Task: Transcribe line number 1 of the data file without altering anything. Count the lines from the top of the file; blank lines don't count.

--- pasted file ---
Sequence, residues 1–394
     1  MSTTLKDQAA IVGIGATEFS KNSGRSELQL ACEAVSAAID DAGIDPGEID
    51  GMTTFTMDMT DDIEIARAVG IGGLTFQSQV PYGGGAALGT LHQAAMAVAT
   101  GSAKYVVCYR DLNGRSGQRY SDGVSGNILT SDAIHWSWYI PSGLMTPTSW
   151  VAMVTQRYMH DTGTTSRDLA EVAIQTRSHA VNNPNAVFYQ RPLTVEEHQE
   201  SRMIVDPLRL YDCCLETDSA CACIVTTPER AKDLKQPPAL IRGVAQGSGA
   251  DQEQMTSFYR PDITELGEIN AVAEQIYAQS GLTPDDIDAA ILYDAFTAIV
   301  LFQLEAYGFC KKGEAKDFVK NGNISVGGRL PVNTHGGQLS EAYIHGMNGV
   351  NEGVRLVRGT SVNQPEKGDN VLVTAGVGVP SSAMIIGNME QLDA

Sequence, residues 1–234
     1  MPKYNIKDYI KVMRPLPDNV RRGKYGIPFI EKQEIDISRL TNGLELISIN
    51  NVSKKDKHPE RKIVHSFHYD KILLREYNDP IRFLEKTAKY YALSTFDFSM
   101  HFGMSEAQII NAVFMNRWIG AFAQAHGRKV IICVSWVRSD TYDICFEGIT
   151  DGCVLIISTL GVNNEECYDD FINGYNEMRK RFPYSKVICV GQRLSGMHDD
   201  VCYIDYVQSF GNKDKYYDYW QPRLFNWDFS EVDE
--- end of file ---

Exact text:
Sequence, residues 1–394